Fourteen years ago, I fell in love. At one of the hardest moments in my life, moving away from my family, friends and hometown, I did the impossible and went and fell in love with a completely new place. Granted, my completely new place still had cows, green pastures and wide open spaces, but it also had a massive grocery store down the road, a bus system and a major university contained within its rural atmosphere. Yes, I went and fell in love with State College, Pa.
At the time, it crept up on me slowly. For a young lady who was used to flat farmland – where you can see the storm clouds moving in miles before it’s ever going to rain, lightning strikes in the distance and sunsets that make you believe in a higher power – moving to the mountains of Pennsylvania was a drastic change. No longer could I watch the sun sink until the last tip of it disappeared beneath the horizon; instead, it was obscured by the mountains long before actual sunset. Looking back, it did deliver some impressive sunsets with mountain backdrops.
Many a time I was caught in a sudden downburst or snow squall because I could not see the storm rolling in over the mountains. I just didn’t understand the way weather worked with these giant mountains in the way. Most of all, I missed the snow and thunderstorms that I was so familiar with growing up. I’d cheer when the forecast called for a snowstorm to move up the valley and gasp in delight when the faint echoes of rumble made their way into town.
In a town with more than 40,000 college students alone, it was sometimes busy. I wasn’t accustomed to using a bus system or having a grocery store 10 minutes away that carried exotic foods. I wasn’t used to being able to order pizza, cookies, Chinese food or anything my heart desired and have it delivered to my house within minutes. Nor was I used to the variety of people, races, languages, dress codes and other happenings that are part and parcel of a college town. I won’t deny that I miss those things.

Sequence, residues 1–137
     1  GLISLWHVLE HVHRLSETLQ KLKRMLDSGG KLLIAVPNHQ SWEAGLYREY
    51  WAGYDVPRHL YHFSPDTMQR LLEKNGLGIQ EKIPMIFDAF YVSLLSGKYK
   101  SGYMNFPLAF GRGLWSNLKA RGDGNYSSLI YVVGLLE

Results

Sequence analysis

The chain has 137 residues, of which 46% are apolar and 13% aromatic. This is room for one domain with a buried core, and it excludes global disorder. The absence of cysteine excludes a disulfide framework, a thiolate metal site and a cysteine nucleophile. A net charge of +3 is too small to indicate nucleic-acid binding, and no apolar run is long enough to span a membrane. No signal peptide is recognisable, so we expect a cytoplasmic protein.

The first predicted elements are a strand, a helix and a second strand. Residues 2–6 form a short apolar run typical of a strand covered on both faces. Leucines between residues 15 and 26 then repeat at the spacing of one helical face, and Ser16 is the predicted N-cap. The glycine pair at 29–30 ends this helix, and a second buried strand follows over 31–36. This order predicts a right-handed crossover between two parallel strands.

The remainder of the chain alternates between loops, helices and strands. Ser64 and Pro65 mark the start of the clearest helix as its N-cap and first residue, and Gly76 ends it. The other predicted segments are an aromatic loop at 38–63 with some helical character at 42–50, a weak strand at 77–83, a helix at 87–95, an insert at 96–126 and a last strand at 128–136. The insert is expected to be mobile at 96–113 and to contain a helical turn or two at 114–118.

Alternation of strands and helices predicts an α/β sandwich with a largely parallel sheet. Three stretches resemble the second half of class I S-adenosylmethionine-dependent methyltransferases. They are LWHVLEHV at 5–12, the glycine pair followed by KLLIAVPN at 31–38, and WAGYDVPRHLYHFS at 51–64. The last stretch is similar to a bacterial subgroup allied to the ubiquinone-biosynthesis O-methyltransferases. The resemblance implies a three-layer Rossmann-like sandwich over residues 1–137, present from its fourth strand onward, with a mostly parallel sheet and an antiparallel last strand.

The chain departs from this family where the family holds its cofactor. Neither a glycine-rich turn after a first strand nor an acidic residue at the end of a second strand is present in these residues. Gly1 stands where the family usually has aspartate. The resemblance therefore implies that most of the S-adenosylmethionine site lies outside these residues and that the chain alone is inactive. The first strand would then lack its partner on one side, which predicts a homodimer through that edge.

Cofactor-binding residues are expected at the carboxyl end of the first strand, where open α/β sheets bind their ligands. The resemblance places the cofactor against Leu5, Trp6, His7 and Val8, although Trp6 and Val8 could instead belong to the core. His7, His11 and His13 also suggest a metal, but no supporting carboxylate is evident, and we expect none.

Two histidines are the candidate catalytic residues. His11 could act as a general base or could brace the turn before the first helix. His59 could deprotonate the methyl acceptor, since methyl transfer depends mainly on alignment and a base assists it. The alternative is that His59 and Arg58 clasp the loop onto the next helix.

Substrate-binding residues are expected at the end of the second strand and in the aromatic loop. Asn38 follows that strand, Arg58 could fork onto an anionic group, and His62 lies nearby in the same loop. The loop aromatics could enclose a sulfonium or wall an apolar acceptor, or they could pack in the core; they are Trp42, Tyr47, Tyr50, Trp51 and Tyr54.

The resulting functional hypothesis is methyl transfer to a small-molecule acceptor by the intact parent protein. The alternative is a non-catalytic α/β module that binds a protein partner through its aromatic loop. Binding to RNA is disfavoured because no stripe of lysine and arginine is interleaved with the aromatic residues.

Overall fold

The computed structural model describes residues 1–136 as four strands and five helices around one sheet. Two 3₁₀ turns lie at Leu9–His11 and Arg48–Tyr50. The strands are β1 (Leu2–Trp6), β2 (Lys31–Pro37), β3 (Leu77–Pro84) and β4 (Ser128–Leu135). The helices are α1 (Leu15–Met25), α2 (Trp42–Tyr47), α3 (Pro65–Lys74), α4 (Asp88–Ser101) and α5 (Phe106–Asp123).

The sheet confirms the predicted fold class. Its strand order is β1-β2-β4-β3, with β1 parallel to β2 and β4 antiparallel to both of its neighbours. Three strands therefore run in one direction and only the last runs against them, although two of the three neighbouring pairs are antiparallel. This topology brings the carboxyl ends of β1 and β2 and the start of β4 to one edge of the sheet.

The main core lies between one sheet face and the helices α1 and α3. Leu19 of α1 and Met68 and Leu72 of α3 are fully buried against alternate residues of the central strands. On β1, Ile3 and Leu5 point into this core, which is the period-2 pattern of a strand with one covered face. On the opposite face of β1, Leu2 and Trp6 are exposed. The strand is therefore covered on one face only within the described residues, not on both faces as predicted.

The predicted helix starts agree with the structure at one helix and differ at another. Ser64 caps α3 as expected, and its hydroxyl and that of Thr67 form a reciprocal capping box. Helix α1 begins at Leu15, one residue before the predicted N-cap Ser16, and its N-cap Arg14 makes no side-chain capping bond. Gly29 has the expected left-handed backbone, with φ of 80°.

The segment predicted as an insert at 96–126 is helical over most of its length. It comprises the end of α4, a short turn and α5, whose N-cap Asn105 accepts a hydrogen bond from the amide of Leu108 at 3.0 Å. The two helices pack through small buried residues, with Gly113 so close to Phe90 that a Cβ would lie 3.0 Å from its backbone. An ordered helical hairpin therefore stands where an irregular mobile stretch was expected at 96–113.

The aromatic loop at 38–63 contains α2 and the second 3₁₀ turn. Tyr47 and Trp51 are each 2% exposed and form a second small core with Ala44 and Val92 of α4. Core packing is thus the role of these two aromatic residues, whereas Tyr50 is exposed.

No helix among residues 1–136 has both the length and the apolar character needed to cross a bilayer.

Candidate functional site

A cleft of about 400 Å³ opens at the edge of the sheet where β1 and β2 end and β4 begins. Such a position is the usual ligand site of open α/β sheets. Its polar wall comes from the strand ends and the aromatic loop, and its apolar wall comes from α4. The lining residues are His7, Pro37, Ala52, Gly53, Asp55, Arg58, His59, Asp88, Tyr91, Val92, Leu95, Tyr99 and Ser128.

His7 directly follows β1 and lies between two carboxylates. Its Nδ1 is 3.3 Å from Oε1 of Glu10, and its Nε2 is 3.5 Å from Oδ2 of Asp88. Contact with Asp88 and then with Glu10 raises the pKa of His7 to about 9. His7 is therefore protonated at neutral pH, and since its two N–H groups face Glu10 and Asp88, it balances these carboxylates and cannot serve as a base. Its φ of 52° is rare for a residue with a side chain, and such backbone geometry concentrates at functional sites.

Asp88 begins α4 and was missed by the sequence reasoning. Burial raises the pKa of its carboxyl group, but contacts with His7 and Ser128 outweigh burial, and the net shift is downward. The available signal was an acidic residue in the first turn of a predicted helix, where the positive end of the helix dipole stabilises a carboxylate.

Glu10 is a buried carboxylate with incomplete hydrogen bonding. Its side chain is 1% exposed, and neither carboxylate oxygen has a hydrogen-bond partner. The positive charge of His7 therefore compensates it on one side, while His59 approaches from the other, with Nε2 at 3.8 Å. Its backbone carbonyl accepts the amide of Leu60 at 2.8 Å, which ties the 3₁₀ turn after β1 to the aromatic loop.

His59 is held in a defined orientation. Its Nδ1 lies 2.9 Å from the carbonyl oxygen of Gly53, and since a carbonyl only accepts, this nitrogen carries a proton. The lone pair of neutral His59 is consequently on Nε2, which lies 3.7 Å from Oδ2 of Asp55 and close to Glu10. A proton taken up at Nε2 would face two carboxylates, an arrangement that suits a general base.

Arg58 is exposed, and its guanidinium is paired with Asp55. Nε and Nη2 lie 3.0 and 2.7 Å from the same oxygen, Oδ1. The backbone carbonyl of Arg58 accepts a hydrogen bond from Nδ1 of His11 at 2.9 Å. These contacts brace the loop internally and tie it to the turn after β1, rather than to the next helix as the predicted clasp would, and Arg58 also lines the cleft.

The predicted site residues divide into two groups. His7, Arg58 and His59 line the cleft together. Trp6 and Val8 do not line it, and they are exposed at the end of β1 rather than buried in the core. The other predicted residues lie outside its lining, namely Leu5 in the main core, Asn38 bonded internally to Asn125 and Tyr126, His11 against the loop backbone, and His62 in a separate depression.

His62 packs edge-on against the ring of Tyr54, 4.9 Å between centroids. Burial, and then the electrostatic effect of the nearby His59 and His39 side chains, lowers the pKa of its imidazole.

I moved back into the area in August, and I will not lie – the transition has been a bit rough. I miss having many options for dinner, drinks or even just to go and window shop. In State College, all of those things were within minutes. From my house to the Eastwood Mall is about 20 minutes, and even then, the draw of the stores is not great enough to lure me out. As for things to do, well, if not hitting the local bars, I’m still not 100 percent sure what else there is to do.
I miss going to a grocery store with a complete Chinese, Japanese, Latino, Indian, African sections of food, where I can find anything I want when I want it. I miss having good high-speed internet and getting more than four television channels. I miss hearing different languages, seeing different races and watching children of all ages, ethnicities, and religion play together in peaceful harmony. I miss my friends and my life that I led in that beautiful college town.
However, here at home – because make no doubt, this is where by heart is buried, deep in the dirt of Ohio – I enjoy many things. I enjoy the vast plethora of stars that I can see whenever I walk out of my door. I love the snow that blows in off Lake Erie. The wide-open spaces call to my heart and soothe my soul like warm chicken soup on a cold night. Tractors, combines, C-130s and pickup trucks make the music that keeps me smiling.
I’m learning to fall in love with living in a rural town all over again. Even though I might gripe, complain and occasionally bemoan the things I miss from State College, my New Year’s resolution has been to step back, slow down and learn to fall in love all over again with my first love.
Christen Clemson is a member of the Trumbull County Farm Bureau and received her doctorate at the Pennsylvania State University. She and her family farm in Mecca.